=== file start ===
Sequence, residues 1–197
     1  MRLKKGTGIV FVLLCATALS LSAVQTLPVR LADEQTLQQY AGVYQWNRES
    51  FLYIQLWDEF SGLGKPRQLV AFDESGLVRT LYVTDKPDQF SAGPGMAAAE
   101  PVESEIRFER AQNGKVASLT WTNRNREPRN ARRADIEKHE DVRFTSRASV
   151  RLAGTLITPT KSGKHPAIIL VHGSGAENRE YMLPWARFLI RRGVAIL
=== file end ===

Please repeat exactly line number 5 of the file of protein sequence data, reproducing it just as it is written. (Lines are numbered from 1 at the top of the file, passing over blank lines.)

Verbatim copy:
   151  RLAGTLITPT KSGKHPAIIL VHGSGAENRE YMLPWARFLI RRGVAIL